We have invited school leaders from SSAT member schools to share their experiences and any lessons learned over the last few weeks during the outbreak of the COVID-19 pandemic. Angelina Idun, Director at SSAT, acknowledges the remarkable work that they – and their teams – have been doing to support their entire communities.
At SSAT, we’ve been struck by how school leaders and their teams have responded in recent weeks to a level of challenge, change, uncertainty and unpredictability that nothing could have prepared them for. Not to understate matters, we know that there is so much incredible work going on in school communities across our national and global network. All of this is fuelled by the extraordinary passion, commitment and care of every adult connected to your schools. All that you are doing continues to act in the very best interests of every child, their families and each member of staff.
The mission that has been thrust upon you in your professional role is one that is being juggled alongside multiple roles, responsibilities, and demands as parents, as carers, and as family members. Balancing all of this at the best of times is a feat. How much more are the efforts you are making drawing on your own emotional and physical reserve bank as you even more intensely support the health, wellbeing, educational, social and long list of other needs of those around you? When this crisis is over, and we can resume air travel, we’ll again hear the announcement to put our own oxygen mask on before helping others. Metaphorically speaking, how many of us have been able to step back and do this in recent weeks?
Everything I’ve said so far, you’ve witnessed. I am simply echoing what you have told us about your experiences in the last few weeks.
Like me, you will all have got into the habit of joining others in your neighbourhoods and streets to clap for our carers on a Thursday evening. I’m sure that for anyone reading this, when the weekly celebration of NHS and other frontline staff comes around, there are additional claps, whoops, cheers and rounds of kitchen pot banging offered up for colleagues and partners associated with our schools. So well deserved!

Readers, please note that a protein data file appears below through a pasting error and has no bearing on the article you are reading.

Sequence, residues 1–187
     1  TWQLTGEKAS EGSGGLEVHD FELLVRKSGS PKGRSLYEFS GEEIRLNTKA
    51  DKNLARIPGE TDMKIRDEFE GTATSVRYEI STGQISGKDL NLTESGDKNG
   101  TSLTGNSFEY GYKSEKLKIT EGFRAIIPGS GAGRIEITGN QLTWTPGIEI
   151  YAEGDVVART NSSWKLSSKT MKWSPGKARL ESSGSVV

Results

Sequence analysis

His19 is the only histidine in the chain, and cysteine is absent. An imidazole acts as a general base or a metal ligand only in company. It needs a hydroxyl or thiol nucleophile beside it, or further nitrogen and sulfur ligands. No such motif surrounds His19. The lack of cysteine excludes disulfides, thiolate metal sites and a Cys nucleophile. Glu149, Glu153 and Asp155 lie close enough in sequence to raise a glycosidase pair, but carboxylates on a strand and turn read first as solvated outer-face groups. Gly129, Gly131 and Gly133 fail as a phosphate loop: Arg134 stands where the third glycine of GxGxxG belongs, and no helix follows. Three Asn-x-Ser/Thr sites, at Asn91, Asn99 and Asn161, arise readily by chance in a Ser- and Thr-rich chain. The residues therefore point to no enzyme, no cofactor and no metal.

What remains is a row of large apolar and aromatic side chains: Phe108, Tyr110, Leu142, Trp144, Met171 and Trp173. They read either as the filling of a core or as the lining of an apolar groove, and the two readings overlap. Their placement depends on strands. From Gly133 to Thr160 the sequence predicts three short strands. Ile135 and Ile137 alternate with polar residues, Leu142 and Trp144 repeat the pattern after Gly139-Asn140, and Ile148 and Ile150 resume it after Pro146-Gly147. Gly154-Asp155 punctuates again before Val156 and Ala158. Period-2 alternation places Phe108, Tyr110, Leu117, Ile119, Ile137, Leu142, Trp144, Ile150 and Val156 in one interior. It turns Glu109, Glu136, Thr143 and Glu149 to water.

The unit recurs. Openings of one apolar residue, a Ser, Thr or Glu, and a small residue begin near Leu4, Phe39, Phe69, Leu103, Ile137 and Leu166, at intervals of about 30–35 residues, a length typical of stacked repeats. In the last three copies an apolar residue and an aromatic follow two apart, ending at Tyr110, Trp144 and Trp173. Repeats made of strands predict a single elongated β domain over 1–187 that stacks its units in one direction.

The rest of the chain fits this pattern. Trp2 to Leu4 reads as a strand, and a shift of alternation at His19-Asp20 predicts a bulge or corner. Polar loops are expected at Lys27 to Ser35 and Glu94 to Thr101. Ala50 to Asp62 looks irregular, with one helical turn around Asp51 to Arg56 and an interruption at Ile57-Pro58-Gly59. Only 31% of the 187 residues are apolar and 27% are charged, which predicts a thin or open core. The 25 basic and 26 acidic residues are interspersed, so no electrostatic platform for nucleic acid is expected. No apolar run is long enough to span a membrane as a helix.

It’s been a pleasure and privilege to talk to school leaders and read their accounts about events of recent weeks. There is much that we can learn from the insights into how school leaders have dealt with the fallout of big announcements and policy decisions (indecision?) from government; how they have galvanised and organised non-teaching, teaching and senior staff so that their school sites can remain open, clean and safe for the children of key workers and the most vulnerable; and how they have done what it takes to make sure that quality learning and pastoral care for all children can continue and staff can stay connected.
So much inspiration can be drawn from the way in which leaders have worked with their teams to prioritise and directly meet the daily practical needs of families in their communities, delivering food packages, paying for broadband connection, producing PPE in their DT classrooms. This crisis has brought with it renewed and heartfelt respect and appreciation for things we know people in schools do every day. Some examples: bringing out the best in others so that they are confident, motivated and able to go further; collaborating and creating networks which offer mutual guidance and support and remind us that we’re not alone; harnessing a skillset to communicate, clarify, reassure and take decisive, principled action.
Pride is the emotion that is most mentioned by those of you who have been in touch with us and this is no wonder given the immense contributions being made by the people around you.
Frustrating though things may be, school leaders are not fazed by the unknowns and the fact that the only thing we can be sure of is that our lives, our schools, our children and our communities will never be the same again. There is a determination amongst those in the profession to navigate whatever the future brings in the spirit of hope and optimism.
The conversations we have had with you this week and reflections you’ve shared have been shaped by these seven questions:
- What’s it been like to lead your school/academy/organisation through the Coronavirus crisis?
- What have you learned about leadership or about yourself as a leader during this difficult time?
- What has challenged you the most/what’s been your main concern?
- What positive from this situation would you like to highlight?
- Please share three emotions you’ve experienced in recent weeks and what’s triggered them.
- What one piece of advice or guidance would you give to others leading their school/academy/organisation through this or another crisis?
- If you could ask for one piece of help or support for your school/academy/organisation as we go into the summer term, what would it be and who would you ask?
Thank you to the leaders from across the SSAT network who have already shared their experiences with us; you can read their answers to our questions in the Coronavirus: Lessons in leadership publication which is available to download.
As term begins, we know that some of you will be holding virtual Inset Days for your staff. We would encourage you to adapt and use our questions for the reflective, lessons learnt sessions you have planned which will be immensely helpful as we take our schools into the next phases of leading through and exit from lockdown.
Please do share your stories with your Relationship Manager. We are keen to continue to make your voices heard, share your experiences and support schools, students and teachers as much as we can at this difficult time through our webinars, email and message forums and other activities.
Thank you for all that you and your teams are doing.
Download now: Coronavirus: Lessons in leadership